Saturday, February 24, 2007

The unexamined life

Sigmund Freud - Werner Horvath

I spend the day reading one of yesterday's acquisitions, The Interpretation of Murder, by Jed Rubenfield. It tells a fictional, psycho-analytical, detective story: shrouded in the actual people and events that surrounded Sigmund Freud's one trip to America, in 1909.

I had to choose between A M Homes, This Book Will Save Your Life (which I desperately want to like in a cult book way and am terrified that I won't) and the book I chose on Freud. In the end, I decided by reading the first pages. I enjoyed it, despite the fact that it hinges on Freud, who is not one my favourites. It made mincemeat of Jung, too, presenting him as an arrogant nutter, which may or may not be true. I think what I liked most about the book though, was that the author was not afraid to poke fun of himself and his central idea. He's got a great website, too, which I haven't seen before in many books for grown-ups.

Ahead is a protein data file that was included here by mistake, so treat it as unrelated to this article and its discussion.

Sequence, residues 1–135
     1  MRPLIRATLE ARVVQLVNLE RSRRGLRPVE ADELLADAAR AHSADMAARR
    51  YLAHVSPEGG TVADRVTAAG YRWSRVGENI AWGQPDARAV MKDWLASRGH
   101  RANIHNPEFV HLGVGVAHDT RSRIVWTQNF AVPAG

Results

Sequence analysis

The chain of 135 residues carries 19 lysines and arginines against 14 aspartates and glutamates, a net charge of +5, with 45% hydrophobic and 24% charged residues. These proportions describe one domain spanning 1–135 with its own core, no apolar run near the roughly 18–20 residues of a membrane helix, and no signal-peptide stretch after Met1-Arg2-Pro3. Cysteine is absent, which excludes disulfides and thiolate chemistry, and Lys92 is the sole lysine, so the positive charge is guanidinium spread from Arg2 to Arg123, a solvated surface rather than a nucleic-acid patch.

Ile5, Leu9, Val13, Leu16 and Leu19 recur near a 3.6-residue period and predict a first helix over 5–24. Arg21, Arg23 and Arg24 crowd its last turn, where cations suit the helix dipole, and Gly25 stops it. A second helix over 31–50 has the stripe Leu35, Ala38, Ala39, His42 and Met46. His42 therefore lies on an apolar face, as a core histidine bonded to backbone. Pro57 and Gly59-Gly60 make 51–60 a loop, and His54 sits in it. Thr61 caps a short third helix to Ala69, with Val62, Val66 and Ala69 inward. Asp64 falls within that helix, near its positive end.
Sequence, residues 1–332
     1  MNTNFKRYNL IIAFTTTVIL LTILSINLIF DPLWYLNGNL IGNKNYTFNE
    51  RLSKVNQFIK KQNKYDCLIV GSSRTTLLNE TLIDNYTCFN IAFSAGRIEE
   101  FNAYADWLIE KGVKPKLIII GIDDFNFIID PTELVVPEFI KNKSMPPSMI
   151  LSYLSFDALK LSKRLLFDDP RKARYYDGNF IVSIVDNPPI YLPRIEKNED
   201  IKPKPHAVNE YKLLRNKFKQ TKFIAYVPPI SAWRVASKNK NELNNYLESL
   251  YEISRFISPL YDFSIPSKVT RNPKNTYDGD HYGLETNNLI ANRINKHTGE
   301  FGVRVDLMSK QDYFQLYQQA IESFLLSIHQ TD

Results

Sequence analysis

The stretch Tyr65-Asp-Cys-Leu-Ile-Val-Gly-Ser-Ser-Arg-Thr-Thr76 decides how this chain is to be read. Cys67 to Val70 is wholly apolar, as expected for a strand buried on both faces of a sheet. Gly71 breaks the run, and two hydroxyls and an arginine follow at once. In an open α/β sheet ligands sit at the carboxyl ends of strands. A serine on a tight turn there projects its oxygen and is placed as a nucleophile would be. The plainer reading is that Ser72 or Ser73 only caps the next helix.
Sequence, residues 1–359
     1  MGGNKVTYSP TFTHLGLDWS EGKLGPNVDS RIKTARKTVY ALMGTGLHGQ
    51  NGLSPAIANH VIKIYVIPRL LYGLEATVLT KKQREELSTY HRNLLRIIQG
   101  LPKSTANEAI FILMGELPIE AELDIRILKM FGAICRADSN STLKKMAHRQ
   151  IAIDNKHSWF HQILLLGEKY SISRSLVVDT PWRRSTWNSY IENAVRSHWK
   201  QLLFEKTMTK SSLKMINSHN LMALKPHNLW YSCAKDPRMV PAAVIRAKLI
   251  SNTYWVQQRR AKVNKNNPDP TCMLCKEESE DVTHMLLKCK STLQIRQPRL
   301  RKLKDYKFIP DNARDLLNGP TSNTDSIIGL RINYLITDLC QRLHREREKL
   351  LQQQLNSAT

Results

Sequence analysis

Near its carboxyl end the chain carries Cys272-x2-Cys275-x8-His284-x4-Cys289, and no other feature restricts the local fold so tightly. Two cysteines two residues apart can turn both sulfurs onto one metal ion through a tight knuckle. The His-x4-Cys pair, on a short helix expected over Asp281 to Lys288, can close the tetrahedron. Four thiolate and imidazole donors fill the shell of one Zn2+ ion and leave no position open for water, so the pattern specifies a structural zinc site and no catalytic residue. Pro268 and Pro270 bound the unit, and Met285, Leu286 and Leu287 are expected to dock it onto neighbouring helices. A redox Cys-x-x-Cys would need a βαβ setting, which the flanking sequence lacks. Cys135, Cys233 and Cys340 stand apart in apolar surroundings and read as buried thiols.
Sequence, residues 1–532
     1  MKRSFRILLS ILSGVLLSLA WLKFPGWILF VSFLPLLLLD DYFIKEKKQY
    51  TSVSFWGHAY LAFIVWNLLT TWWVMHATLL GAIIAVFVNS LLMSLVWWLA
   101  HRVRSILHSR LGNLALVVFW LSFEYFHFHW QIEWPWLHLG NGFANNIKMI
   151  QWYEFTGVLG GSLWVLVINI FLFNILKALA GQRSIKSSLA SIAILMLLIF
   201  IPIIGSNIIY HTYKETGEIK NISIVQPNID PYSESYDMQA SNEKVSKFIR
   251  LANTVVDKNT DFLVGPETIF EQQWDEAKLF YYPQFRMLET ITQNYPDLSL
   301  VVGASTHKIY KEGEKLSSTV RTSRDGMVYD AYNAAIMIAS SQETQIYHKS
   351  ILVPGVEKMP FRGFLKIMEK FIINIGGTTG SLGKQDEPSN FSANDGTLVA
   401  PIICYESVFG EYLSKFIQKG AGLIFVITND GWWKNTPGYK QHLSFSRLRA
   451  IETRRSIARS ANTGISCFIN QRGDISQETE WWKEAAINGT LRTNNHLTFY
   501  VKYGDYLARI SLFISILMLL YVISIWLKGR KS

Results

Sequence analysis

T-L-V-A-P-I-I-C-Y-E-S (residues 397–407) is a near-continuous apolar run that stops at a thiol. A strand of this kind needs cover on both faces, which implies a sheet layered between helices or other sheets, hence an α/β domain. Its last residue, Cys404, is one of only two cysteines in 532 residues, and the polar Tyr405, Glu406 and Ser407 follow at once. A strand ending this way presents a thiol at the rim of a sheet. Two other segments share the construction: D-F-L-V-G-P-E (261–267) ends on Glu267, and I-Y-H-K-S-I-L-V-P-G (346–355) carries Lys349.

The Heights are silent, but for music, and the incidental soundtrack of life: taps running, kettles boiling etc. I am engaged in a television amnesty. What I really want is a silence - mine - but this is too hugely impractical. If I cannot engage in emitting no sound, then I will engage instead in omitting sound, or at least as much as the NSNs allow - these people puzzle me deeply, when I am prompted to think of them at all: it seems they can do nothing quietly, not even being quiet.

This morning, before my silent readathon, I brave the world to return the films my sister and I borrowed. I watch The Last Kiss with/by Zach Braff, but am disappointed with it. There is something too saccherine, too clean about it that I don't believe and don't want to. Even though the happy ending is cute. I didn't like what they did to Rachel Bilson: her character felt like a cardboard cut-out.

I like the quote from the film that the Chief pointed out to me earlier in the week: If you never give up, you can't fail.

Although, I'm not sure if it's technically correct. What if you were buried alive?

Here's an interview with Mika, and one of the many great cheesy songs on his great cheesy album.

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